ECS Connections to 2014 Physics Nobel Prize

The 2014 Nobel Prize in Physics has been awarded to Shuji Nakamura, a professor at the University of California

Shuji Nakamura, the recipient of the 2014 Nobel Prize in Physics and former ECS Plenary speaker, is awarded for his invention of efficient blue light-emitting diodes.
Credit: Randall Lamb

The 2014 Nobel Prize in Physics has been awarded to Shuji Nakamura, professor of materials and of electrical and computer engineering at the University of California and 2010 ECS Plenary speaker.

The prize is for the invention of efficient blue light-emitting diodes, which has enabled bright and energy-saving white light sources, and is shared with ECS member Isamu Akasaki of Meijo University and Nagoya University, Japan; and Hiroshi Amano of Nagoya University.

In his plenary talk at the 218th ECS Meeting in Las Vegas, Nevada, Nakamura described the current status of III-nitride based light emitting diodes (LEDs) and laser diodes. Nitride-based white LEDs have been used for many application such as LCD TV backlight, lighting for inside/outside applications and others.

According to the Royal Swedish Academy of Sciences, when Nakamura, Akasaki and Amono “produced bright blue light beams from their semiconductors in the early 1990s, they triggered a fundamental transformation of lighting technology. Red and green diodes had been around for a long time, but without blue light, white lamps could not be created. Despite considerable efforts, both in the scientific community and in industry, the blue LED had remained a challenge for three decades.”

The LED lamp “holds great promise for increasing the quality of life for over 1.5 billion people around the world who lack access to electricity grids,” the academy continued.

Here’s a list of articles in the ECS Digital Library written by the 2014 Physics Nobel Prize Winners. You can look at them for free:

Hiroshi Amano and Isamu Akasaki

Widegap Column-III Nitride Semiconductors for UV/Blue Light Emitting Devices

Growth and Luminescence Properties of Mg-Doped GaN Prepared by MOVPE

Isamu Akasaki

Epitaxial Growth and Properties of AIxGal.xN by MOVPE

Etching Characteristics and Light Figures of the {111} Surfaces of GaAs

Shuji Nakamura

Piezoelectric Field in Semi-Polar InGaN/GaN Quantum Wells

Read more about Shuji Nakamura’s plenary talk.

Read more about 2014 Nobel Prize winners for Physics.

Be recognized for your outstanding technical achievements in electrochemical and solid-state science and technology through our prestigious Honors and Awards.

Be recognized for your outstanding technical achievements in electrochemical and solid-state science and technology through our prestigious Honors and Awards.

Nomination deadlines are fast approaching for Society awards.

Carl Wagner Memorial Award of The Electrochemical Society
Deadline: October 1, 2014

The Carl Wagner Memorial Award was established in 1980 to recognize a mid-career achievement and excellence in research areas of interest of the Society, and significant contributions in the teaching or guidance of students or colleagues in education, industry, or government. The award commemorates Carl Wagner, a man of outstanding scientific achievement with important contributions in all areas of the Society’s interest, the Society’s first Palladium Award winner, and a dedicated teacher.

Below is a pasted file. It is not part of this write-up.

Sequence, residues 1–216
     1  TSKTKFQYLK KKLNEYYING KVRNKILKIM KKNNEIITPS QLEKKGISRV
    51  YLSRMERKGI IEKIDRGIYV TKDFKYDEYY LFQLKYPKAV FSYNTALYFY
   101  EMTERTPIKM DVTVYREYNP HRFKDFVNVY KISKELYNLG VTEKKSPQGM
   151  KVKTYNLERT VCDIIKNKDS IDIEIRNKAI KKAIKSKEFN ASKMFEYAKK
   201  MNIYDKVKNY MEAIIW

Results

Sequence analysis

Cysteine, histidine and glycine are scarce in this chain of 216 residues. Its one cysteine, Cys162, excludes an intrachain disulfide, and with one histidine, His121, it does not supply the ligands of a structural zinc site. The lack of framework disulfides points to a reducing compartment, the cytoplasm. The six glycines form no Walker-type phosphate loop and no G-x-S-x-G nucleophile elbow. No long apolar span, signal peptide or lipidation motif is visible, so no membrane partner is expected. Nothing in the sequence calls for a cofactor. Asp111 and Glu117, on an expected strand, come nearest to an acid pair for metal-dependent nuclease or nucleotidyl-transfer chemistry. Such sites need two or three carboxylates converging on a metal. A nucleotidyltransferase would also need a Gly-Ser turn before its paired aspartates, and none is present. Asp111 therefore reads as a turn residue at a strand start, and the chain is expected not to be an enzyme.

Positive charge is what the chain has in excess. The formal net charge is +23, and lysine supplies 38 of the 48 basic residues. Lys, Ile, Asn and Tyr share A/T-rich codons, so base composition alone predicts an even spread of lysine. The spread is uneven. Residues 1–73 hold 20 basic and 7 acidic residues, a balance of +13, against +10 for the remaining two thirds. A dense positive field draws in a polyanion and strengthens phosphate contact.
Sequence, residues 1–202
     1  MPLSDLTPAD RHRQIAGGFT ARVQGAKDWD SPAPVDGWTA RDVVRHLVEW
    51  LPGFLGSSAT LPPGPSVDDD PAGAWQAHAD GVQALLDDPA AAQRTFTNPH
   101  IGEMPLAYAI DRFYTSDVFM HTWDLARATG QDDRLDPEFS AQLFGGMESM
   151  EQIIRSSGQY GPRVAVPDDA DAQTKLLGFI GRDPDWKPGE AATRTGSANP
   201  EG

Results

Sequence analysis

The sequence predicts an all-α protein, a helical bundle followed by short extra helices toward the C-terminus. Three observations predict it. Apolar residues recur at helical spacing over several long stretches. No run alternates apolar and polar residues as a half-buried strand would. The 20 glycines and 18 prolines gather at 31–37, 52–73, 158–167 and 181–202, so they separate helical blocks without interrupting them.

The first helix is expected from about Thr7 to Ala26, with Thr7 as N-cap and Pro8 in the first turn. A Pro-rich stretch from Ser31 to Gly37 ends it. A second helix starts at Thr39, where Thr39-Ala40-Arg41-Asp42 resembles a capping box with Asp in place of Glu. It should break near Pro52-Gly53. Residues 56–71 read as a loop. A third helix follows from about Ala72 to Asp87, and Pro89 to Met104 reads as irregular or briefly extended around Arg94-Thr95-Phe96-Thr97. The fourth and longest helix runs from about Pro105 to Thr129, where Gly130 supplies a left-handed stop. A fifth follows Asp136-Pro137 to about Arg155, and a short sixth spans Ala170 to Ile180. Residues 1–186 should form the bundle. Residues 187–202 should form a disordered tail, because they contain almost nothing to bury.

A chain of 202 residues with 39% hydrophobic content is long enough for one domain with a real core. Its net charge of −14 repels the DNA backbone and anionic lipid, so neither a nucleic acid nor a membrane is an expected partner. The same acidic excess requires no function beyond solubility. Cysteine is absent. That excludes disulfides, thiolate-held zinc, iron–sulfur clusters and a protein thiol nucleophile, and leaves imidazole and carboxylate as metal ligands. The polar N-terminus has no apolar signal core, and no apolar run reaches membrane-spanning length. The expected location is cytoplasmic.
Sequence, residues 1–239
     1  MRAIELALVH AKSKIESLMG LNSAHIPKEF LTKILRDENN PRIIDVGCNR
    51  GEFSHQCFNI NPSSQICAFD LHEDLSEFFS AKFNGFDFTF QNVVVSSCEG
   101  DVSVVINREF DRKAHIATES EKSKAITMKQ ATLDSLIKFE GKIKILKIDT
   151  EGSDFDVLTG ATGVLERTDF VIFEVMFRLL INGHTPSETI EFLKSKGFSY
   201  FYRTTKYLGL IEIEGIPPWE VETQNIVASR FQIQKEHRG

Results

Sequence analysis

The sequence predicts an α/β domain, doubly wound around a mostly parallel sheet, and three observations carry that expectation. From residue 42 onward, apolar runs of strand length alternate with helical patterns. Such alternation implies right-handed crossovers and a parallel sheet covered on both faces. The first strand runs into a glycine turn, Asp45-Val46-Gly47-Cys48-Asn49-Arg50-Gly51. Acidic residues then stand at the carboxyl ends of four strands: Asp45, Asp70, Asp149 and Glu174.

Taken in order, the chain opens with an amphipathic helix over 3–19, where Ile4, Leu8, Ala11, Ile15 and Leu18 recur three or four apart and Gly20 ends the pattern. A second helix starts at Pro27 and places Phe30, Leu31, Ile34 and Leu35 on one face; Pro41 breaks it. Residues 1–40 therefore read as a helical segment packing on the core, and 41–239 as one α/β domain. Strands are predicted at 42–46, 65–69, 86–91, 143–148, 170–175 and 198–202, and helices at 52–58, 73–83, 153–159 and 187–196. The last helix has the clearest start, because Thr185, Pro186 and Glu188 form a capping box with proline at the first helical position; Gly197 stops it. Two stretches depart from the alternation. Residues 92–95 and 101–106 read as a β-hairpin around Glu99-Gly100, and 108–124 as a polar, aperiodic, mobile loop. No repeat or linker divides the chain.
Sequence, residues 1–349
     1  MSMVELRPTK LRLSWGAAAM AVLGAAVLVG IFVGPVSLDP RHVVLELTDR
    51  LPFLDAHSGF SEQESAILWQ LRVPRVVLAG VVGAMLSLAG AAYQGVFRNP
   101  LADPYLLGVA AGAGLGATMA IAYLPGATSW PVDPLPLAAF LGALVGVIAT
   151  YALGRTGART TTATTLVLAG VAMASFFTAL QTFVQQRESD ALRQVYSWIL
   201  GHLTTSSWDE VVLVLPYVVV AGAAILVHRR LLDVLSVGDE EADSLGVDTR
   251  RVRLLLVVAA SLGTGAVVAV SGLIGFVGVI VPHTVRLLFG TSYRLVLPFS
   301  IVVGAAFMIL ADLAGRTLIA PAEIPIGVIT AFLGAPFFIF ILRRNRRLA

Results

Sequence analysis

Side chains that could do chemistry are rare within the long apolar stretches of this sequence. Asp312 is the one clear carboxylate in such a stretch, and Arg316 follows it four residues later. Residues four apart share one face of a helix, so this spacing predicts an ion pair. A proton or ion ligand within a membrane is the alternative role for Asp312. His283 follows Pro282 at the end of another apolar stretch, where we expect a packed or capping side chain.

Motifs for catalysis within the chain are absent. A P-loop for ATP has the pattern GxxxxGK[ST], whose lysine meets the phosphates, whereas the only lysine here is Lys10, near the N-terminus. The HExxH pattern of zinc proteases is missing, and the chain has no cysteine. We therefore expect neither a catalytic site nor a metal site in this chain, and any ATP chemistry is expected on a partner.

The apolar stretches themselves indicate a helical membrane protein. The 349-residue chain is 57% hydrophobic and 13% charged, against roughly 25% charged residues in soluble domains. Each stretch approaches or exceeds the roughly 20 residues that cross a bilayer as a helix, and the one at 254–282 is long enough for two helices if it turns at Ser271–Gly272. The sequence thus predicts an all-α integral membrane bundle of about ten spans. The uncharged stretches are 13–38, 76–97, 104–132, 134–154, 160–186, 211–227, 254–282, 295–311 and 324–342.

The Award Recipient shall have made significant achievements in research in areas of interest to the Society. The Recipient shall have contributed strongly to the guidance and development of students or associates in education, industry, or government. The Recipient shall have attained a level of professional achievement that, in the judgment of the Carl Wagner Award Subcommittee, justifies the objective of recognizing mid-career achievement. The research and teaching or guidance being recognized shall have encompassed interdisciplinary breadth.

The recipient does not need to be a member of The Electrochemical Society. There shall be no restrictions or reservations regarding sex, race, citizenship, or place of origin or residence. The award shall consist of an appropriately worded scroll, sterling medal, complimentary meeting registration for award recipient and companion, a dinner held in recipient’s honor during the designated meeting, and Life Membership in The Society.

Nominate a colleague here by October 1, 2014

Here’s a great paper talking about Carl Wagner’s (among others) contributions to the sciences.

Find out more about our awards program.

Through our Honors and Awards and Program, ECS recognizes outstanding technical achievements in electrochemistry and solid-state science and technology

Through our Honors and Awards and Program, ECS recognizes outstanding technical achievements in electrochemistry and solid-state science and technology

Nomination deadlines are fast approaching for Society awards.

Olin Palladium Award
Deadline: October 1, 2014

This important award was established in 1950 for distinguished contributions to the field of electrochemical or corrosion science.

The recipient shall be distinguished for contributions to the field of electrochemical or corrosion science. The award recognizes outstanding contributions to the fundamental understanding of all types of electrochemical and corrosion phenomena and processes. The recipient does not need to be a member of The Electrochemical Society. There shall be no restrictions or reservations regarding age, sex, race, citizenship, or place of origin or residence.

The award shall consist of a Palladium medal and a plaque that contains a bronze replica thereof, both bearing the recipient’s name, the sum of $7,500, complimentary meeting registration for award recipient and companion, a dinner held in recipient’s honor during the designated meeting, and Life Membership in The Society.

Nominate a colleague here by October 1, 2014

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